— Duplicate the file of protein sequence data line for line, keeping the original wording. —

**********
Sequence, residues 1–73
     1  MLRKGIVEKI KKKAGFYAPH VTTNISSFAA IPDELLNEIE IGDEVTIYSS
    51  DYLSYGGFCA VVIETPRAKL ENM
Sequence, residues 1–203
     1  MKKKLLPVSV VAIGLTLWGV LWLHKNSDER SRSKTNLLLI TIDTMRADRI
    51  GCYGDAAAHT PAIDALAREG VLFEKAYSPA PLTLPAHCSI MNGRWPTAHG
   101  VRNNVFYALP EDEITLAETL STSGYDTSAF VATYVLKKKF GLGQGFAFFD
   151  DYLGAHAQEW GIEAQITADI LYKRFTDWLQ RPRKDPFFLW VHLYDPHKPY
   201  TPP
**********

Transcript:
Sequence, residues 1–73
     1  MLRKGIVEKI KKKAGFYAPH VTTNISSFAA IPDELLNEIE IGDEVTIYSS
    51  DYLSYGGFCA VVIETPRAKL ENM
Sequence, residues 1–203
     1  MKKKLLPVSV VAIGLTLWGV LWLHKNSDER SRSKTNLLLI TIDTMRADRI
    51  GCYGDAAAHT PAIDALAREG VLFEKAYSPA PLTLPAHCSI MNGRWPTAHG
   101  VRNNVFYALP EDEITLAETL STSGYDTSAF VATYVLKKKF GLGQGFAFFD
   151  DYLGAHAQEW GIEAQITADI LYKRFTDWLQ RPRKDPFFLW VHLYDPHKPY
   201  TPP